•KTA Kona, Kona Coast Shopping Center, 74-5594 Palani Rd.

      •Pacific Fireworks, 75-1022 Henry St., Kona

      •Phantom Tent Kona, 74-5454 Makala Blvd.

To read comments, add your own, and like this story, see Facebook. Follow us on Instagram and Twitter. See our online calendars and our latest print edition at kaucalendar.com.

In the street and in the air, fireworks will light up the sky, celebrated with
sound and explosions on the streets and yards throughout Ka‘ū,

starting just after sunset on New Year's Eve. Photo by Julia Neal
HAWAIʻI COUNTY FIRE CHIEF DARREN ROSARIO issued a statement to remind the public of rules regarding fireworks:

     It is illegal for anyone to remove the powder or pyrotechnic contents from any firework, or to throw fireworks from, at, or into any vehicle. Fireworks must only be set off between on Monday, Dec. 31, and on Tuesday, Jan. 1.
     It is also illegal to set off any fireworks within 1,000 feet of any hospital, convalescent home, care home for the elderly, zoo, animal hospital or shelter, or church while services are held: set off any fireworks on any school property without authorization from said school official(s); set off any fireworks on any public way, such as a highway, alley, street, sidewalk, or park.
    Offering for sale, selling, or giving any fireworks to minors is illegal, as is possession, purchase, selling, setting off, igniting, or otherwise causing to explode any fireworks, except under the immediate supervision of an adult. Setting off any aerial luminary devices – commonly called Sky Lanterns or Hawaiʻi Lanterns – or any other aerial devices – such as bottle rockets, skyrockets, roman candles, cakes, mortars, or shells – is also illegal.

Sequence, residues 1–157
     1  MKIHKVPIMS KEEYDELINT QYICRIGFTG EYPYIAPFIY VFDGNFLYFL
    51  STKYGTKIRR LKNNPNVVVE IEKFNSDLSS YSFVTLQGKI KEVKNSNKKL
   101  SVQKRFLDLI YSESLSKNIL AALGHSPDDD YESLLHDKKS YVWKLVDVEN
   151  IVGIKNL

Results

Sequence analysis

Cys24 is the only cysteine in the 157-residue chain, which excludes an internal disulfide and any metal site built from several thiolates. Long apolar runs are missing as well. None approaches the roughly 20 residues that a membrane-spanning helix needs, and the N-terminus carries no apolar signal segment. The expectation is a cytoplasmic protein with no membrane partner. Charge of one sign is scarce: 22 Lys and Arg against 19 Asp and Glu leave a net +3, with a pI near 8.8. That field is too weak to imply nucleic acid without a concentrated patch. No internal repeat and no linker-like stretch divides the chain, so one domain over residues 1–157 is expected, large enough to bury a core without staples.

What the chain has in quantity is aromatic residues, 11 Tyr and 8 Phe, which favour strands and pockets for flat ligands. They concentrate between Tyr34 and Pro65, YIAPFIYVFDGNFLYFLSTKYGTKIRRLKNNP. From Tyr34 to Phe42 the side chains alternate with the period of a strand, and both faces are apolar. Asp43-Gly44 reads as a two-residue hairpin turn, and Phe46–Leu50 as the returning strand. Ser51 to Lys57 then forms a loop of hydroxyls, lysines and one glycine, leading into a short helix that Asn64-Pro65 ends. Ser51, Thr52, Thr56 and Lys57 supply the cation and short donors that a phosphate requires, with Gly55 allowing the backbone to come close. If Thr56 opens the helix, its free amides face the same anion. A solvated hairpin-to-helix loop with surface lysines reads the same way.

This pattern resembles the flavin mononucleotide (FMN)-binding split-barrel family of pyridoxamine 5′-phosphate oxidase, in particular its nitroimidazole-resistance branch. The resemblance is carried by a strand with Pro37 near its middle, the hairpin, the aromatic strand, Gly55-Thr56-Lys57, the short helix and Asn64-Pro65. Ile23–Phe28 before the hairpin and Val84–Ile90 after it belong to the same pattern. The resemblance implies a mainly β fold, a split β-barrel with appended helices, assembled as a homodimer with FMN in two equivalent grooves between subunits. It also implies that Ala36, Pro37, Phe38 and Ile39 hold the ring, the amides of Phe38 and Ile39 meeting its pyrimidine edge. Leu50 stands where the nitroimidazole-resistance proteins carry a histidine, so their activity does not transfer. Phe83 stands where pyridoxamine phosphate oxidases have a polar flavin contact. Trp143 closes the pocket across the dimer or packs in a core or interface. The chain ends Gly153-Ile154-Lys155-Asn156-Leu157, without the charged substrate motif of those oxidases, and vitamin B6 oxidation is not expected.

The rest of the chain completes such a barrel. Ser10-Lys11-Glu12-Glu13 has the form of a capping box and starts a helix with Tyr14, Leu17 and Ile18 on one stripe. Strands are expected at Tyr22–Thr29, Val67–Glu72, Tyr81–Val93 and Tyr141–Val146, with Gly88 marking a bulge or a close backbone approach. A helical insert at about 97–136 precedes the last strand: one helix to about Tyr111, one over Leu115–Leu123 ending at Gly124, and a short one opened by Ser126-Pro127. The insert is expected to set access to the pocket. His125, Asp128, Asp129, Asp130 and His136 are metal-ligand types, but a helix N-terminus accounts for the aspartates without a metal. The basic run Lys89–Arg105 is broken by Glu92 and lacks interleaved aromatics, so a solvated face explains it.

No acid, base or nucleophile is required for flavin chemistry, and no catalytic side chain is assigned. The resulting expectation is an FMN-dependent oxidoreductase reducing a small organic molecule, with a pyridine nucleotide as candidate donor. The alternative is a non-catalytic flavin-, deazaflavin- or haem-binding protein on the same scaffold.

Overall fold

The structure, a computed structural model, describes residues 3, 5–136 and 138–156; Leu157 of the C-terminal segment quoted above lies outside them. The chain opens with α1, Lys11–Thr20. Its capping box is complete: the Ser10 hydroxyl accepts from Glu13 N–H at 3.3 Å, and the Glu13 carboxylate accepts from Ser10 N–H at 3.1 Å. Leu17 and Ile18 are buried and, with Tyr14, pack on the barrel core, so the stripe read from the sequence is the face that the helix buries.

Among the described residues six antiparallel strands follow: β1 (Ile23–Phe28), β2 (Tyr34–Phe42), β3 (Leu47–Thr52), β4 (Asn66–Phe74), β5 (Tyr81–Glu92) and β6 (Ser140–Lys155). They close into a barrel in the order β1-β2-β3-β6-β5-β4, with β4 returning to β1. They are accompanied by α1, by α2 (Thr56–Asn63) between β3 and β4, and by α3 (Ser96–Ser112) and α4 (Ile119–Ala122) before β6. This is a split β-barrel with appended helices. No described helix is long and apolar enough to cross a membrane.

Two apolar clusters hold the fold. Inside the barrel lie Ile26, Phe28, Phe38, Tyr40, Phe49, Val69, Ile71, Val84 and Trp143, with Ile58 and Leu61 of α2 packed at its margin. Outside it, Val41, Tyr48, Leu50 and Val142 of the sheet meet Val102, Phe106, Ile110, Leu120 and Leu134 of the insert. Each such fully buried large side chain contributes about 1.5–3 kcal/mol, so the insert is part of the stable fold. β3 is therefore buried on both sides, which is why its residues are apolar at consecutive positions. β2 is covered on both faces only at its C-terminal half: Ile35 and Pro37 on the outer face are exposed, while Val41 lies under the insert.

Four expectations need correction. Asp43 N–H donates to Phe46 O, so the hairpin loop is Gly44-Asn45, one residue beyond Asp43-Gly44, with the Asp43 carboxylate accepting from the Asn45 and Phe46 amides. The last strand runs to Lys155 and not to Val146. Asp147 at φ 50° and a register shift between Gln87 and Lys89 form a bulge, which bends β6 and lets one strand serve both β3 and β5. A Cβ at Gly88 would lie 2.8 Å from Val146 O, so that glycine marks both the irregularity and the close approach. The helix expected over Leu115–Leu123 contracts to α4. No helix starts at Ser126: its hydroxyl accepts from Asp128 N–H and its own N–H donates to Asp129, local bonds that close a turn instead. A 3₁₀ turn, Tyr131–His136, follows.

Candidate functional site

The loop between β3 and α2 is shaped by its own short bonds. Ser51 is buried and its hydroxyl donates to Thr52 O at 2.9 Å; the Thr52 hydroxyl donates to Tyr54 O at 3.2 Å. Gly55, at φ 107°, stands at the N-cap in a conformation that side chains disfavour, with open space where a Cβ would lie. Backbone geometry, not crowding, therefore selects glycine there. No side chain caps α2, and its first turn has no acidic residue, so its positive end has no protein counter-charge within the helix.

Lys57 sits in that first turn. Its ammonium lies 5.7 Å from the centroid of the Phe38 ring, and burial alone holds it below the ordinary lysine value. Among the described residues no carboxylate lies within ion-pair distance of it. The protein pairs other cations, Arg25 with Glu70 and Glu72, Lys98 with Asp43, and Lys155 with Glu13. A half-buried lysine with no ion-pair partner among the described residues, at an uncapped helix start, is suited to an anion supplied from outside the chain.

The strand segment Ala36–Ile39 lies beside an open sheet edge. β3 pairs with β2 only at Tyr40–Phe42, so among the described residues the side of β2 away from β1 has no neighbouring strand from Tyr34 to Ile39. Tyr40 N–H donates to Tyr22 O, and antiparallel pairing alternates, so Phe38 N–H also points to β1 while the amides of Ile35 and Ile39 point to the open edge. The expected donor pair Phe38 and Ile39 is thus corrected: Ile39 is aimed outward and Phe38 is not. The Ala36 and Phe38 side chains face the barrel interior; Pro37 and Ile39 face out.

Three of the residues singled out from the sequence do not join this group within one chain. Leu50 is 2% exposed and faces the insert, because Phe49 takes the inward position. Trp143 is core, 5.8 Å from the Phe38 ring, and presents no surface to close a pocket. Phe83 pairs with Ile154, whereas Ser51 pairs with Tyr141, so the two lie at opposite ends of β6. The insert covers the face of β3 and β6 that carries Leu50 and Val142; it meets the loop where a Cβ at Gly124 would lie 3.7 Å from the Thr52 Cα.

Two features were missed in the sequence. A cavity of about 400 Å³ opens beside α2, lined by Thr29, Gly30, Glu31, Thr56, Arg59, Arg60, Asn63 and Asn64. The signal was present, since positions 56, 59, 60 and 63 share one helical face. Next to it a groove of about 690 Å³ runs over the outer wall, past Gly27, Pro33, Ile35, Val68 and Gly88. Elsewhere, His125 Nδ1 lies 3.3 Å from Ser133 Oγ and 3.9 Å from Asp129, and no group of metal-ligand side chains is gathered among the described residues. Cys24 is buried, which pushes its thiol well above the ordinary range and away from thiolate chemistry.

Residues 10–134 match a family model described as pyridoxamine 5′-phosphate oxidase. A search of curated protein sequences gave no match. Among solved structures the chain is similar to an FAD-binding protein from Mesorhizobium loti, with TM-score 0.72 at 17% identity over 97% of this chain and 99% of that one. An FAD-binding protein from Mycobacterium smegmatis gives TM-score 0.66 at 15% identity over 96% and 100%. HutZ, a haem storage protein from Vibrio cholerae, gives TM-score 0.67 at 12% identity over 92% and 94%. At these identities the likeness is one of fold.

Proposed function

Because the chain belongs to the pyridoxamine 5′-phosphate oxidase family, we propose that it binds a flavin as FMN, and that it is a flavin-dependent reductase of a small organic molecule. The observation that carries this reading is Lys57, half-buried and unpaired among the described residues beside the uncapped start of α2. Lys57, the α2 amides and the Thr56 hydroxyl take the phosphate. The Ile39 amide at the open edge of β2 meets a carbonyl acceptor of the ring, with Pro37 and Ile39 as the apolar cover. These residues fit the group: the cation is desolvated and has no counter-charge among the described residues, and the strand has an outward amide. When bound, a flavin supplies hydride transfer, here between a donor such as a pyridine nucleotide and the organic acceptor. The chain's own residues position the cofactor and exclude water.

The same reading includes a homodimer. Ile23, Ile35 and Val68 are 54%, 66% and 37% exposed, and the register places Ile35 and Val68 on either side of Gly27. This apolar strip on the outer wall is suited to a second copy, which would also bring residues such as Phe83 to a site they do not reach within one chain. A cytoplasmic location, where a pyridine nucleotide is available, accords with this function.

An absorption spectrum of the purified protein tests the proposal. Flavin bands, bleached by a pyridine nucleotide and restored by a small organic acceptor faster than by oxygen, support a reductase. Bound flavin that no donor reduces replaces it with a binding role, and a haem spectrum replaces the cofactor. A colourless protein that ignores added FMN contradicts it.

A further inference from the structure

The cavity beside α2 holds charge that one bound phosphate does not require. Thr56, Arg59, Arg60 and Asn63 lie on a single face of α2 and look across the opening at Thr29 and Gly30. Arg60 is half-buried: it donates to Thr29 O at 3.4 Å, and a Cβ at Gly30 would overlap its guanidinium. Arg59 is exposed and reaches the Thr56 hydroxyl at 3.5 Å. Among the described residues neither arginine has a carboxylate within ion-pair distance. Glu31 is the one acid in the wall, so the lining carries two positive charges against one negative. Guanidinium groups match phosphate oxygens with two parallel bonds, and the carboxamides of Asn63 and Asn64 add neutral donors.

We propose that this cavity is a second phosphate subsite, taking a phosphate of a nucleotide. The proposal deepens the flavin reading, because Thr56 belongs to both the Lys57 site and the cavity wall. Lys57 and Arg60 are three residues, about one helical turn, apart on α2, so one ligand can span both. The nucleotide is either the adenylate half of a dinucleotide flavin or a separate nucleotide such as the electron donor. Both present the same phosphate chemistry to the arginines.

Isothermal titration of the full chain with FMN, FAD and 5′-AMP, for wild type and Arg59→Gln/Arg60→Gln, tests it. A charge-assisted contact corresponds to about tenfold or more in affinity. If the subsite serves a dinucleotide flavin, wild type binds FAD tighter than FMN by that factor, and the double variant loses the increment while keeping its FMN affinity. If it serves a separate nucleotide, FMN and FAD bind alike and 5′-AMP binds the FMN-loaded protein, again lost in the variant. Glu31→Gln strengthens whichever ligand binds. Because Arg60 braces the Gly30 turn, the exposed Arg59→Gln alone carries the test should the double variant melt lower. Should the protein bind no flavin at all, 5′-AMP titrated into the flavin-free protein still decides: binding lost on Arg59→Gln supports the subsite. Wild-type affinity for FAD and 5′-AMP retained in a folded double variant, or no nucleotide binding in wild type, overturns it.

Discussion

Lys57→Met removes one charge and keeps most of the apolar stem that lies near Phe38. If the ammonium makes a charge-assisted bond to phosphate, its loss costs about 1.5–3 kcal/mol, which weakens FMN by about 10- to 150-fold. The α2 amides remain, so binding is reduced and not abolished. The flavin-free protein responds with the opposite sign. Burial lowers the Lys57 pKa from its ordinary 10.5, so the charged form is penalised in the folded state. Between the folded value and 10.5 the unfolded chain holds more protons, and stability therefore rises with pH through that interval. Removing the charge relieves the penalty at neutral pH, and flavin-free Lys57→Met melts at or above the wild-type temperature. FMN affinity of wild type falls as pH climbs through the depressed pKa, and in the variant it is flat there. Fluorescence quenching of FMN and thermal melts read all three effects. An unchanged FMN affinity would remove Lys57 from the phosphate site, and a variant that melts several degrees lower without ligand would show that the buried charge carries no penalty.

To read comments, add your own, and like this story, see Facebook. Follow us on Instagram and Twitter. See our online calendars and our latest print edition at kaucalendar.com.
Firework displays have toned down in Kaʻū since more than a thousand people came to Pāhala to see the spectacular 
Rodney Freitas show in 2009. However, lots of backyard and street action is expected in all the villages on Dec. 31, 
and Hawaiʻi Fire Department warns everyone to be careful. Photo by Kris Bakken

FIREWORK SAFETY IS ON THE MIND of Hawaiʻi Fire Department, which asks "everyone to please Kokua" in helping to prevent fires and avoid unnecessary injuries caused by fireworks each year:

      •Use extreme care when setting off fireworks. Children interacting with or near fireworks should be under a sober adult's close supervision at all times. Even the smallest of fireworks can cause severe injuries that will quickly ruin the holidays.

      •Fireworks should be set off in an area well away from dry grass or flammable materials.

      •Fireworks should be completely extinguished and cool before being disposed of.

      •Have a fire extinguisher and/or a water hose ready to use. Be sure water can reach all areas fireworks activities and around any buildings. Wetting down any dry, grassy areas before and after setting off fireworks is recommended. Preparing will verify water can reach any places necessary in case of an unexpected fire.

     For more information on purchasing fireworks permits, or the use of fireworks, call the Fire Prevention Bureau at 932-2911 (Hilo) or 323-4760 (Kona).

To read comments, add your own, and like this story, see Facebook. Follow us on Instagram and Twitter. See our online calendars and our latest print edition at kaucalendar.com.